How to Have a Writing Career

Sarah Manguso is one of the best writers you may never have heard of. Aside from her body of work, she is the author of what TVWriter™ considers the Absolutely Most Revealing Sentence About Writerly Compulsion in the History of Humanity: “I revise the sentences in my diary from day to day.”

So when Ms. Manguso gives advice, we listen. Or read. Whatever. (Note to self: Probably should rewrite this paragraph!)

Found at thewritingfortress.tumblr.com

Found at thewritingfortress.tumblr.com

by Sarah Manguso

Work. Be relentless. All over the world, people are working harder than you. Don’t go to events; go to the receptions after the events. If possible, skip the receptions and go to the afterparties, where you can have a real conversation with someone.

Money. Learn to live on air. Buy the best health insurance you can afford. If you have roommates, work in the library. Run and do calisthenics instead of paying for a gym membership. Invest in ear plugs, good sneakers, and a coffee machine. Buy oatmeal in bulk. Learn to cook simple, nutritious meals. Save and eat leftovers. Cafes are a waste of money, calories, and time; leave them to the tourists. Buy books used, perform periodic culls, and resell them. Wasting money on clothes is the stupidest habit of all. You will only ever need two good outfits.

Health. Stay healthy; sickness is a waste of time and money. Smoking or overeating will eventually make you sick. Drinking and drugs interfere with clear perception, which you will need in order to make good work. It may be worth paying for psychotherapy sessions now instead of paying for inpatient treatment next year; see someone in-network.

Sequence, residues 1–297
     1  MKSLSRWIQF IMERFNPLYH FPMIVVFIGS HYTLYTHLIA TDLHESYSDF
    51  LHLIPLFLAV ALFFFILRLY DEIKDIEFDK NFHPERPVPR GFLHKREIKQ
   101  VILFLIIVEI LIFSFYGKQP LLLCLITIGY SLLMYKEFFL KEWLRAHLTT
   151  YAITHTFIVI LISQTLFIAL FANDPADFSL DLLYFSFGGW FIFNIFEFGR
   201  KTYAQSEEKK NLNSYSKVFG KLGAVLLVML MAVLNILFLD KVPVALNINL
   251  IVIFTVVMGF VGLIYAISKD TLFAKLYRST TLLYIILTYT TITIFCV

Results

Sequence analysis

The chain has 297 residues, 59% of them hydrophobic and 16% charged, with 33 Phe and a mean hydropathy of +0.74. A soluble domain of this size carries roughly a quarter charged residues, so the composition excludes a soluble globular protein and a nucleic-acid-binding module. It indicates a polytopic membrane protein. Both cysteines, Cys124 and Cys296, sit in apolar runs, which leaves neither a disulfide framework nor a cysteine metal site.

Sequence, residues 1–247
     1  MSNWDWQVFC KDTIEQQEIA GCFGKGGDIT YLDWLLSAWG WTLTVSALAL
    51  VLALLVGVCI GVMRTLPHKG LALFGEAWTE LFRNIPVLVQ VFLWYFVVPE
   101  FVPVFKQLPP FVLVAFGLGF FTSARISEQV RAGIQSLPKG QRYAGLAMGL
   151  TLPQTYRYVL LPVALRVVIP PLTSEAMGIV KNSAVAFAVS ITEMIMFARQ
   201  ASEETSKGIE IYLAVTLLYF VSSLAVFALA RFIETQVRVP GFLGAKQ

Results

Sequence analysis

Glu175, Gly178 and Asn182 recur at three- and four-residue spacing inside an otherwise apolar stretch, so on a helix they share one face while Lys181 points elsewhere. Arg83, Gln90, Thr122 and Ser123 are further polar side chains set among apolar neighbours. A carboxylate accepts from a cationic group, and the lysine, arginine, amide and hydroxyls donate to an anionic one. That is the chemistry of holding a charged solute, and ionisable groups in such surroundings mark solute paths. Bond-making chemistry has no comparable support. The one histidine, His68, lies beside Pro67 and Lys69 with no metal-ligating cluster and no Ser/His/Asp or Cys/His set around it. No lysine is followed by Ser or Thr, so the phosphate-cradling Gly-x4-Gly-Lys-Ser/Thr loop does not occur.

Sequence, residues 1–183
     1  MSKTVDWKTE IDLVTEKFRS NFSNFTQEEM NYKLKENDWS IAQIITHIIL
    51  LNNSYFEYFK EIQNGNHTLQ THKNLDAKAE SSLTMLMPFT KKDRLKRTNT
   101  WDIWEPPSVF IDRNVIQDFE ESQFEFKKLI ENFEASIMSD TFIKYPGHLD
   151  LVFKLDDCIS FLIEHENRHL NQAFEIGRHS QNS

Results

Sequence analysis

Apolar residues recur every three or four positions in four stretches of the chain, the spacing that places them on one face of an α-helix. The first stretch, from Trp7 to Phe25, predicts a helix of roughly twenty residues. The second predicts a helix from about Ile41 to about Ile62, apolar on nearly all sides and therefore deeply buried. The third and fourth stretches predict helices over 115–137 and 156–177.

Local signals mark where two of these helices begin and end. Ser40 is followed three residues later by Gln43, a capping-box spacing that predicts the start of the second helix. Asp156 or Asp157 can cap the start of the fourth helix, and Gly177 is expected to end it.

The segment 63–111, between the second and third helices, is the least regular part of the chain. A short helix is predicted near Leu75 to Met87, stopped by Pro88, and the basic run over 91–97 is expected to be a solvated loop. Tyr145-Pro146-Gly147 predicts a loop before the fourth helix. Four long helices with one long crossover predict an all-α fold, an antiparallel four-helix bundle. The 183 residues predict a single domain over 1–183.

Friends. Avoid all messy and needy people including family; they threaten your work. You may believe your messy life supplies material, but it in fact distracts you from understanding that material, and until you understand it, it is useless to you. Don’t confuse users, hangers-on, or idols with friends. If a former friend asks you why you don’t have time to see him or her anymore, say your existing responsibilities have made it impossible to socialize as much as you used to. Cutting someone out with no explanation is an insult that will come around.

Asking favors. When requesting a favor in writing, ask outright and respectfully for what you want. Don’t write what appears to be a long, friendly letter full of compliments and then ask for help at the end, pretending it’s an afterthought. Such behavior smacks of tit-for-tat, or prepayment for a commodity, and it’s ugly to point out the existence of the favor economy. Just do favors and ask favors in a vacuum. If a favor is given immediately after one is received by the giver, pretend not to notice the coincidence. When given a favor, honor those who helped you. Be gracious and sincere, and don’t overthank them.

Giving favors. Don’t give favors to people or institutions that lack authority or consequence. Publishing or showing work where no one will see it or giving a reading where no one will hear it is a favor. Learn graciously to decline. The world will catch on that you are a valuable commodity. When you find great work, help it along; expect nothing in return. Bringing great work to the world is your job, whether you or someone else created it….

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